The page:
Clean Water Action is also pushing for one or two things: a reduced tax rate for non-single-use products made from virgin resins or clear definitions explaining what products are single-use and which are not. Join Clean Water Action in eliminating the problem at the source.
In recent years, bills have been introduced to address polystyrene, plastic flatware, single-use water bottles and other plastic packaging. But, none have succeeded. The most efficient way to comprehensively solve the problem of single-use plastics, then, is with a statewide EPR bill.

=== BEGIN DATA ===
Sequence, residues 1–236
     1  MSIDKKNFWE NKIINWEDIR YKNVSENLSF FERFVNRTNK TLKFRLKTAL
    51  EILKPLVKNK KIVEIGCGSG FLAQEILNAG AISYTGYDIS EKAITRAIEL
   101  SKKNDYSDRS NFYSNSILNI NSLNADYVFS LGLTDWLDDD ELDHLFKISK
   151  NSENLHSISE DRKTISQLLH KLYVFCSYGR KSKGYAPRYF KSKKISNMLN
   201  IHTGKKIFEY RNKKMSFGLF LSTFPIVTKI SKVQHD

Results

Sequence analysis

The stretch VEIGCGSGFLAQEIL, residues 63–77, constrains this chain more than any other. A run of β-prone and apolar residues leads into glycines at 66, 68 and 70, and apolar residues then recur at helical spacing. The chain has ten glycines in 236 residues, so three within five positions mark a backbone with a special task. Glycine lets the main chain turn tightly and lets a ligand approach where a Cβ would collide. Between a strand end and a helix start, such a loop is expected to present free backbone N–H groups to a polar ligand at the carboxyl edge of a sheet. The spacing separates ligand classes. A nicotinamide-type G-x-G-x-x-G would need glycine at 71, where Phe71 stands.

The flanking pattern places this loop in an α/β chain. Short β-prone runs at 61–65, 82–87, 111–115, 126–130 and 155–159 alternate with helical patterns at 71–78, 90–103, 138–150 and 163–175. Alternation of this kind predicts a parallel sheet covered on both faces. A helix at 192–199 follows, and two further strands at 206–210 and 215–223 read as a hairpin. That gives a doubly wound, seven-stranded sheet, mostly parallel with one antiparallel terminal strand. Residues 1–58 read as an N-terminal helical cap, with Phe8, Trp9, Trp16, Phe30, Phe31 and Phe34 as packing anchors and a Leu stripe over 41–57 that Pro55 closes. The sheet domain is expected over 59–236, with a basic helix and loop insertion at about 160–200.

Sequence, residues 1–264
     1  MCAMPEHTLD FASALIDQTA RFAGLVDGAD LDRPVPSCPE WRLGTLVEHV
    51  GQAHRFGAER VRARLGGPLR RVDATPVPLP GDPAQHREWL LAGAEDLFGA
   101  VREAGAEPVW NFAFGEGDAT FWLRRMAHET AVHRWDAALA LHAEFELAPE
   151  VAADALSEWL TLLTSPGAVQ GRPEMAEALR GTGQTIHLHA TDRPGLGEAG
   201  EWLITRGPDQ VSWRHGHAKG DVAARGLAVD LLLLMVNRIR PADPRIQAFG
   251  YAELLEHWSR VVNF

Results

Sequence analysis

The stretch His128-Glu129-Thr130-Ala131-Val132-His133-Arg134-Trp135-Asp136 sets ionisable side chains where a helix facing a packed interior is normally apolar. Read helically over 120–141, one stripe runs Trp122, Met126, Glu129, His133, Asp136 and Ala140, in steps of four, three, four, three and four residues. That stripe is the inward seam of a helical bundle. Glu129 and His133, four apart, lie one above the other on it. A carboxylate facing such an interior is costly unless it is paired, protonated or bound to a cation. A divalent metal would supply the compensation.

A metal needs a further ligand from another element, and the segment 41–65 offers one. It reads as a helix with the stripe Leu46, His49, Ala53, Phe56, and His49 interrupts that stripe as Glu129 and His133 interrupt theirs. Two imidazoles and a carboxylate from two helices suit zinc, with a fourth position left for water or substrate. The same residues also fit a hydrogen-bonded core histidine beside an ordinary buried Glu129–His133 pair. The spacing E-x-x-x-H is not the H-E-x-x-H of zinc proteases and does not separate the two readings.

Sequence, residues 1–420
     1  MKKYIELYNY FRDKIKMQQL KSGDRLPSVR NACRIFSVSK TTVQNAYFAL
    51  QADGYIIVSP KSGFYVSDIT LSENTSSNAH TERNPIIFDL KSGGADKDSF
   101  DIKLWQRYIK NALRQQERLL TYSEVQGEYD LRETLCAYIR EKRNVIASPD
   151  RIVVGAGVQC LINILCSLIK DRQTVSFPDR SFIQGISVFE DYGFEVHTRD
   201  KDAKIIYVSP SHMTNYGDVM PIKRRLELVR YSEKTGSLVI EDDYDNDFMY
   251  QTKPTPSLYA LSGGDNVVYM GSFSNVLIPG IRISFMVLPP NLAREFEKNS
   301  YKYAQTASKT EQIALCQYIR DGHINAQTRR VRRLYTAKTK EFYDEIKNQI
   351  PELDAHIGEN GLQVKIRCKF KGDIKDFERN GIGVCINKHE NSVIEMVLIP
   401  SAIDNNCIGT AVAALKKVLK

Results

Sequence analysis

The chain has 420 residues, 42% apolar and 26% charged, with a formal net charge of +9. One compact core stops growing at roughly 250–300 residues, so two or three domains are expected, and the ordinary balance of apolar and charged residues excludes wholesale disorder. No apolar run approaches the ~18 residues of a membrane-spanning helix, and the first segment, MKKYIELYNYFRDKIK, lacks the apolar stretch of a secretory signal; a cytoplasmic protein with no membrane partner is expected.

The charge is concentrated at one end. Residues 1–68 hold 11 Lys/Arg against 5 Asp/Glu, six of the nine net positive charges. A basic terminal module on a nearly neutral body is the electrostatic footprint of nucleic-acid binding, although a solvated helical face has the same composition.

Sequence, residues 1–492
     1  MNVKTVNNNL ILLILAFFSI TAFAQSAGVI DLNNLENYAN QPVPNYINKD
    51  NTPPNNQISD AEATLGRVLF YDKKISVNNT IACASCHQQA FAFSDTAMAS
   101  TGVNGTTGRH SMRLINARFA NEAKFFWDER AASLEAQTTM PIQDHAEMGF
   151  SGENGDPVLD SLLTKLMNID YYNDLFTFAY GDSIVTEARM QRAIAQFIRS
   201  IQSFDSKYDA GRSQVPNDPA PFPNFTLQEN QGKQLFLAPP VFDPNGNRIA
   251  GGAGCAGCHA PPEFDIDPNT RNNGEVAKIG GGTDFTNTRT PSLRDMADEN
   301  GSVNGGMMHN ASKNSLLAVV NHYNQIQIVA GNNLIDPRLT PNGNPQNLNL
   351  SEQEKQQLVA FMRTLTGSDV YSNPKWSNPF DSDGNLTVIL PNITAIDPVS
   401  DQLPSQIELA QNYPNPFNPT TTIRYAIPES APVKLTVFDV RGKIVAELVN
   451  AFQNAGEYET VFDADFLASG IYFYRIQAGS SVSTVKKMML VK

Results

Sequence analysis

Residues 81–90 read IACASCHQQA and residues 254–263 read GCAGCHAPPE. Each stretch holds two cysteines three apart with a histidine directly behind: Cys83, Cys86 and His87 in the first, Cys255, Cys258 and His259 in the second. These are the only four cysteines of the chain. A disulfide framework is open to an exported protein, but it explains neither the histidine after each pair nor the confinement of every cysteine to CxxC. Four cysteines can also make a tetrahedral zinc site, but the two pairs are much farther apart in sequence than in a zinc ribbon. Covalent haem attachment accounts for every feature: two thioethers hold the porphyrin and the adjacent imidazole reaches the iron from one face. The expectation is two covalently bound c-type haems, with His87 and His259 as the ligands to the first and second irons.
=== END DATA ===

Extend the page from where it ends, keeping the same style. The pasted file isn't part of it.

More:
Let's continue the fight to get a plastic bag ban in Rhode Island. Click here to eliminate plastic pollution in Narragansett Bay and protect the community.
These days, there’s a lot of talk about zero waste, but what does it really mean? When we envision our average Joe going zero waste we think of mason jars, composting bins, and the elimination of single use products. But how about when a whole city goes zero waste?